As a Korean-American foodie who resides in West Oakland, I’m lucky that there’s a slew of fine eateries not too far from our home all along Telegraph Avenue in Temescal.
Wednesday is World Food Day, an occasion meant to strengthen the commitment to end global hunger. Across Europe, activists are throwing disco soup parties to turn leftover food into delicious food to give to the hungry. And as the name suggests, there’s music, too.
The Food Network was intended for cooks, but it wasn’t run by them. In a new tell-all book, Allen Salkin takes an unsparing look at the channel’s progression from struggling cable startup to global powerhouse, and the people who rose and fell along the way.
Hazan, who died Sunday at age 89, helped revolutionize how Americans cooked and appreciated Italian food. Ironically, Hazan — a biologist by training — had little interest in cooking until she met her husband, who became an indispensable partner in crafting her cookbooks.
The origin of the bagel “is somewhat mysterious,” says a writer who recently explored the topic. What is unquestionable is that bagel met and married lox in New York. But as in so many modern unions, both partners came to the marriage with plenty of baggage.
This month marks the launch of a new 13-episode TV series on PBS that definitely subscribes to the “go local” theme while highlighting the skills of some noteworthy Bay Area chefs. The San Francisco episode premieres September 14 but airs on KQED 9 Saturday September 21.
Legend has it that an innkeeper caught a glimpse of the goddess of love in her bedroom and then rushed to his kitchen to create an egg pasta inspired by Venus’ belly button. Today the art of making tortellini is endangered, but several groups are devising creative ways to preserve the tradition.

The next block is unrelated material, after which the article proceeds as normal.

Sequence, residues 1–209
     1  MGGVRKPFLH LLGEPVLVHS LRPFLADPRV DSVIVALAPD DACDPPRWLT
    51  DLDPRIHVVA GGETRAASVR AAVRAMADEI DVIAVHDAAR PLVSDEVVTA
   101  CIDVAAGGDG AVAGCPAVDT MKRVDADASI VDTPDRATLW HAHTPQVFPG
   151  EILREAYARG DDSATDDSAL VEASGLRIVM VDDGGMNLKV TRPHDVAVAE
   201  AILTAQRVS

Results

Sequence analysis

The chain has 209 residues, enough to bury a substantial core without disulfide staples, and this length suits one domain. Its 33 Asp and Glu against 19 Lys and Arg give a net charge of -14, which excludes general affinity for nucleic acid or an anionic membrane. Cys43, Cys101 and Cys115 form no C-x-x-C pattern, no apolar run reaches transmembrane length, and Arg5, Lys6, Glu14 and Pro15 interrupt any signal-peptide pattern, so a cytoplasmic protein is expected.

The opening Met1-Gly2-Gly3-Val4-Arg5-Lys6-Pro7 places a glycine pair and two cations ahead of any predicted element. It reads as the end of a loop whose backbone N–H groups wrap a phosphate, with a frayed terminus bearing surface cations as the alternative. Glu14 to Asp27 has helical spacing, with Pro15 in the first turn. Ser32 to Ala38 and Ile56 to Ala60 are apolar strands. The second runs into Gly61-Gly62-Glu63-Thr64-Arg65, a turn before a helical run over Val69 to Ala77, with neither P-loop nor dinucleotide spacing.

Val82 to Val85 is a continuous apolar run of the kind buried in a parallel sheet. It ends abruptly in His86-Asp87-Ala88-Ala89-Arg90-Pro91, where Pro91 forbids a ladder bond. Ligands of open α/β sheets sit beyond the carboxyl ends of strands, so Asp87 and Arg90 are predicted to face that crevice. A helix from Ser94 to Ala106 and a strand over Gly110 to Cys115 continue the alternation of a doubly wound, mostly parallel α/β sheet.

When you put a librarian and a historian in the kitchen with a centuries’ old cookbook, you get a lot more than recipes. You also get a sense of how much the way we eat has changed — from how we define dessert to the size of our eggs.
Liam Mayclem is media star behind The Foodie Chap series and has cooked with the world’s top chefs. Mayclem is now giving behind-the-scenes culinary tours in San Francisco, a food-meets-travel trend that is growing in popularity throughout the world.
After 30 years of running the Thai restaurant Old Weang Ping, a locals’ favorite in East Oakland, owners Pat and Jook Sawanwatana are finally retiring. Does this mean the end of Old Weang Ping Village as we know it? Certainly not.
This year marked the 35th anniversary of the ultimate summer food extravaganza— Gilroy’s Garlic Festival. It was a three-day event packed with…well, food. Lots of food. Specifically, garlic. 82 tons of fresh California garlic to be precise. View BAB’s photo gallery of the festivities!
There’s an unassuming little dish we serve at our restaurant. The Greeks ask for it by its name: horta. Non-Greeks ask for “a side of braised greens” because they either don’t know the proper term for it or do know but are afraid to sound out the first, faintly phlegmy syllable in public.